When Challenged, Offense Comes Through

Aaron Rodgers and the Packers scored two key touchdowns in the fourth quarter when pushed by the Buccaneers. For one of the NFL's all-time great front-running teams, this will be a battle-tested crew heading to Detroit to face the Lions on Thursday.

For a team that hasn't trailed in the fourth quarter at any point during their 16-game winning streak and had won their first nine games of the season by a league-high 14.9 points per game, the Green Bay Packers' drives that started with 13:02 and 4:23 remaining were about as clutch as clutch gets.

Twice, the visiting Tampa Bay Buccaneers had seized momentum. Twice, Aaron Rodgers and the offense recaptured control of the game with touchdowns.

"It was great for us. Adversity's awesome," coach Mike McCarthy said after a closer-than-expected 35-26 victory. "We're getting ready to play a big game on national TV on Thanksgiving. Adversity is a healthy situation to learn from him, especially when you overcome it. We had some tough adversity games early in the year. We haven't been challenged as much in the fourth quarter, so this is something we can benefit from. There are some guys that aren't feeling very good about the way they played but it'll be a good energy source to draw on in a short week."

The Packers' offense entered the game having scored a second-ranked 38 points on its first possession of second halves and boasted league-leading totals of 86 points in the third quarter and plus-62 in third-quarter point differential.

But the Packers mustered just one first down on each of the third-quarter possessions, and that allowed the Buccaneers to cut a 21-10 halftime deficit to 21-19 less than 2 minutes into the fourth quarter – with only a dropped two-point conversion from Kellen Winslow preventing a tie game.

The Packers' response? An 85-yard touchdown march. The Packers' running game, miserable for most of the day, got a 20-yard run from James Starks that set up first-and-goal. The Packers' passing game, so tough to stop because of Rodgers and his weapons, picked up three first downs on completions of 12 and 16 yards to Starks and 12 yards to Donald Driver, plus three first downs on defensive penalties. The last of those penalties, pass interference on Driver in the end zone, made it first-and-goal at the 2, with John Kuhn bulling in from there for a touchdown and a 28-19 lead with 7:42 to play.

"We haven't really had to make a drive like that," Rodgers said. "The game gets tight there. We're up by two, a touchdown can put them away, and it was nice to get that touchdown."

That touchdown, however, didn't put the game away. A rare interception on the next possessions by Rodgers – he hadn't thrown one since the fourth quarter against St. Louis, a span encompassing 117 attempts – gave the Buccaneers the ball at midfield. A few plays later, the Buccaneers were in the end zone and it was 28-26 with 4:25 to go.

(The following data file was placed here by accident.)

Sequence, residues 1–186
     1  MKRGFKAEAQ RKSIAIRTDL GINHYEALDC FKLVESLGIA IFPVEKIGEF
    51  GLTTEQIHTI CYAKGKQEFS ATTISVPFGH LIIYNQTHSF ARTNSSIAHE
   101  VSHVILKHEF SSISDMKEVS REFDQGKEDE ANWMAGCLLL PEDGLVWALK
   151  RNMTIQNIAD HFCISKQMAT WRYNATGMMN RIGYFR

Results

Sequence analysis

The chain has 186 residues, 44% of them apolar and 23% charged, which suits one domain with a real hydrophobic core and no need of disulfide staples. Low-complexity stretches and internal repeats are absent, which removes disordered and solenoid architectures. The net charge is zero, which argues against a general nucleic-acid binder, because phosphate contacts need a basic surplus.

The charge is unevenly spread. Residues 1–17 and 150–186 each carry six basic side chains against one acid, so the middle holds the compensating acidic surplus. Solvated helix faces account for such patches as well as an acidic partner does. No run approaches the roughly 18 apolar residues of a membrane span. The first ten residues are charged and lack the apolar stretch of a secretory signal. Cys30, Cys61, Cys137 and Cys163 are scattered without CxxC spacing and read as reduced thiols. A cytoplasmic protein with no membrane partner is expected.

That set the stage for one of the biggest late-game completions of Rodgers' career.

On third-and-4 from the Bucs' 40, a defensive stop would have given Tampa Bay about 2:45 to drive to the winning field goal. With go-to receiver Greg Jennings out (shin bruise) and third-down back James Starks out (knee sprain), Bucs coach Raheem Morris sent six rushers at Rodgers. Rodgers went deep to Jordy Nelson against second-year cornerback Myron Lewis. Nelson said he misjudged the ball – which worked to his advantage. Nelson slowed up, then had to accelerate to get to the ball. That gave Nelson two steps on Lewis, and he caught the ball in stride to score the clinching touchdown.

"You have to go to him in crunch time, especially with Greg off the field," Rodgers said. "It wasn't even a second thought for me. I was going to give Jordy a chance to make a nice catch (and) he made a great reaction there. If he had done what he did on purpose, that would be one of the better plays of our season. But I think he just kind of misjudged the ball at first, and then the defensive back was expecting a back-shoulder throw and gave him the separation that he needed."

Said McCarthy: "It's just the trust that you have in your quarterback and the belief that you have in your receivers to win the one-on-ones. Had good protection, we got the man coverage that we were anticipating and Jordy ran an excellent route and we were able to convert it. That was a big play. Probably the biggest play of the game for us."

And with that, the Packers are 10-0 for the second time in franchise history. This will be a battle-tested bunch that will be heading to Detroit for a Thanksgiving showdown.

"We had to respond," Nelson said. "Obviously, when we had the ball the possession before, we didn't do that. It kind of got ‘em back into it. So, as an offense, we needed to go out and either score a touchdown or run the clock out. We had that opportunity, and we made a play to get more points on the board and allow our defense to go out and seal it."

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Bill Huber is publisher of Packer Report magazine and PackerReport.com and has written for Packer Report since 1997. E-mail him at packwriter2002@yahoo.com, or leave him a question in Packer Report's subscribers-only Packers Pro Club forum. Find Bill on Twitter at twitter.com/PackerReport.

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